The two central plot lines centre around one of the younger shooters though. Lionel Stephens, who is training to be a lawyer, proves himself to be as good or better shot than Lord Gilbert Hartlip, widely thought of as one of the best shots in England. This unspoken sport between them ramps up as the shooting party goes out for a second day. Stephens has a nonchalance about him which is shaken on the day by his love for Lady Olivia, the married wife of another of the day's shooters. 

This is an exquisite novel of Edwardian country life that doesn't spare the grime and ugliness, whilst at the same time giving us a vivid portrait of the game sports which are so important. The subjects under the surface - the Irish question, David Lloyd George, the rural economy, and the thought of a war with Europe - are there, but also absent. Nettleby alone sees this world that he knows so well disappearing, but by temperament and upbringing he doesn't know what to say. We know that the war that will follow will devastate the ranks of the aristocracy and the middle classes as it will the working class. The last few pages of the book take us forward through those histories - it feels an unecessary coda perhaps, but also gives us a sense that these are not fictional lives but are stand-ins for some very real ones. A short novel, its a genuine pleasure that stands up better than many more regarded works of the era.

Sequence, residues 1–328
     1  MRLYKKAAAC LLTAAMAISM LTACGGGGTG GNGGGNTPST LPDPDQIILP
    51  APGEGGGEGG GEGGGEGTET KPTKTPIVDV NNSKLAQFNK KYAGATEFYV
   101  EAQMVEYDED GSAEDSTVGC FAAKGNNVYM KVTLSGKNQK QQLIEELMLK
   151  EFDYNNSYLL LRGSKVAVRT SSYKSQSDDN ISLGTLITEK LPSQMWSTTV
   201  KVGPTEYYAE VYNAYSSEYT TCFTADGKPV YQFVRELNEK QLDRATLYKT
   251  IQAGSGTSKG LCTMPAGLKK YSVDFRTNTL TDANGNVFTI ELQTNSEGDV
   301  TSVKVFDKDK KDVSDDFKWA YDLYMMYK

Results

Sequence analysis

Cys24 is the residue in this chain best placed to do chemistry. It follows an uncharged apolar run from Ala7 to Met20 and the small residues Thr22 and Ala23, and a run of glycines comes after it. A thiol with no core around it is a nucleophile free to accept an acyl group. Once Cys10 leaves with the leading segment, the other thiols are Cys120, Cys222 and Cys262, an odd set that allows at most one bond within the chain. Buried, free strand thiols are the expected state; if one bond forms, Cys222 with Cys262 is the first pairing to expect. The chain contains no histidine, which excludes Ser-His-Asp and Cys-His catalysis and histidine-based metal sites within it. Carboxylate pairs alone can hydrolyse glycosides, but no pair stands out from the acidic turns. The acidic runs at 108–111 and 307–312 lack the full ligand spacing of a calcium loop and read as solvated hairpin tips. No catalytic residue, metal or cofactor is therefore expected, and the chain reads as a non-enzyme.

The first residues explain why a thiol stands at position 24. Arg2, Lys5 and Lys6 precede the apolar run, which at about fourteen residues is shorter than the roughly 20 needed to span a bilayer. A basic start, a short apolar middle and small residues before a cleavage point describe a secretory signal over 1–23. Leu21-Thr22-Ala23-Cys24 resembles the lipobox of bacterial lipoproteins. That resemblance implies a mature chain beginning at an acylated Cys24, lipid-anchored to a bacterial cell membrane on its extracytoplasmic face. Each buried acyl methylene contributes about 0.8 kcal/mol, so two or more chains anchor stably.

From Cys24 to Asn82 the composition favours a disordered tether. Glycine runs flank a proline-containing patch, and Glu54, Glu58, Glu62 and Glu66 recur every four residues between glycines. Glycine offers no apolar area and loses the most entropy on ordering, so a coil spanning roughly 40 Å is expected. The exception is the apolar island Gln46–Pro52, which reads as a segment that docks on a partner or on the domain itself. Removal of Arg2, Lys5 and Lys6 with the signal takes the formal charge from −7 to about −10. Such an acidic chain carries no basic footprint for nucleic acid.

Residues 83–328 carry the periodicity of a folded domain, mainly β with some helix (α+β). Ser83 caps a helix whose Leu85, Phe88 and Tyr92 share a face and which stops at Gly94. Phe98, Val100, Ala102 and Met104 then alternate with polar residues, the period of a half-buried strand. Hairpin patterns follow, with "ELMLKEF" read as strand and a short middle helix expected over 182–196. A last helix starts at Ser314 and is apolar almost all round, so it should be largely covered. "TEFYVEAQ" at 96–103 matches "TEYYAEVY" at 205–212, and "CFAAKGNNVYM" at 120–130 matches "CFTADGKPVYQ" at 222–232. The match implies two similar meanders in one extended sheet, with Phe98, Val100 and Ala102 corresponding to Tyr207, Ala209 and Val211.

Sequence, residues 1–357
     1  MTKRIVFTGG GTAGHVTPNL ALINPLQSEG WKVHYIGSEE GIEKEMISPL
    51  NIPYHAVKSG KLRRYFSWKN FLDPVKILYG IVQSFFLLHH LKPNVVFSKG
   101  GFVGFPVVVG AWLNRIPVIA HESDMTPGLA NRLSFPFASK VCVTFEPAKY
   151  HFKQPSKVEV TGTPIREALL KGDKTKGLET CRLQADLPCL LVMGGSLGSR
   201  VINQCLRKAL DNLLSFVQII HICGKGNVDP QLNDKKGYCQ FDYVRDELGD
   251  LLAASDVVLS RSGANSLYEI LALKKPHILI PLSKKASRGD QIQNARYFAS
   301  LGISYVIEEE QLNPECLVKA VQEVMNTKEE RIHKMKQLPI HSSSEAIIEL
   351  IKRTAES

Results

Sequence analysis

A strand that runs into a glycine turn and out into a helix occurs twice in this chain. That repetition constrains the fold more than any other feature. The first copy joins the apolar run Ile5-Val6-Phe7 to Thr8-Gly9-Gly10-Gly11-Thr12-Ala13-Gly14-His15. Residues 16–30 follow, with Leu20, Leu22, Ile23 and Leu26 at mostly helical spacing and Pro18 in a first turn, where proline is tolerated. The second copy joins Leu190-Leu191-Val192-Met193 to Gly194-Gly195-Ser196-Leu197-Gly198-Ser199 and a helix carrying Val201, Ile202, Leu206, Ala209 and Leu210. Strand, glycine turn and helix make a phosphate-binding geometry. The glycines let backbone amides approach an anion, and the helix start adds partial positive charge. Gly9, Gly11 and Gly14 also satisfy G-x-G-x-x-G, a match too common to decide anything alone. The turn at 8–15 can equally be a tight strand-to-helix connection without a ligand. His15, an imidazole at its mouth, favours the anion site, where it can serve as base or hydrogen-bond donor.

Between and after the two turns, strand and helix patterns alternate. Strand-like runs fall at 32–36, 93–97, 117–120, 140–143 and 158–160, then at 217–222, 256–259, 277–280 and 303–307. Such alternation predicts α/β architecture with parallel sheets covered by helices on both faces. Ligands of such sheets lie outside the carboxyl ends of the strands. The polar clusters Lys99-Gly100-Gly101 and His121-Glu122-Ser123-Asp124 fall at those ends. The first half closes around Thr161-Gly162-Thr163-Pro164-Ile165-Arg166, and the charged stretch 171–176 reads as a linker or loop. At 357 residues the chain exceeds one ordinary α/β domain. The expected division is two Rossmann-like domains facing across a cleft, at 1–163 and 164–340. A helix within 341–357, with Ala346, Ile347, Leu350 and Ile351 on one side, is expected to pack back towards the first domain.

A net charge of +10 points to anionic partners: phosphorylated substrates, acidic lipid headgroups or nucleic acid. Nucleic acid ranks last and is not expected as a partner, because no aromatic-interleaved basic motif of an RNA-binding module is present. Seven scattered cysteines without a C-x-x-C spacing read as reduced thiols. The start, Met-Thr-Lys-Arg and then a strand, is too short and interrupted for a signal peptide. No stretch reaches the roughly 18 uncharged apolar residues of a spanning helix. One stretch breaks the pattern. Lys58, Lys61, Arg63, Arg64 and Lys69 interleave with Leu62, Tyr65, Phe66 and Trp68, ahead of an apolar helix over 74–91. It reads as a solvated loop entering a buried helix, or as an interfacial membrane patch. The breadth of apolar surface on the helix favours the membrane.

Monday, August 15, 2016

What are your poems about?

Nature, love, death...it's perhaps no surprise that poets come back to these fundamentals so often.  You have to write about something don't you? In a recent interview for online magazine Prac Crit, Matthew Welton says "One poet I met said when he was writing his second book that ‘the trouble is that now I have to find fifty other things I need to say’ and I thought ‘well, I don’t have anything to say’." When Welton first appeared in print in the late 90s in Faber's "First Pressings" and Carcanet's "New Poetries" he seemed very out of sync with the contemporary idiom of British poetry, which had by that stage taken literalism as far as it could go. The "poetry of things" - as in this poem is an anecdote about something, or, if a metaphor was a literal metaphor - so Duffy's onion, or Armitage's tyre were equally explainable, paraphrasable, seemed to have created a false accessibility, in that the best poems are often allusive, yet meaningful.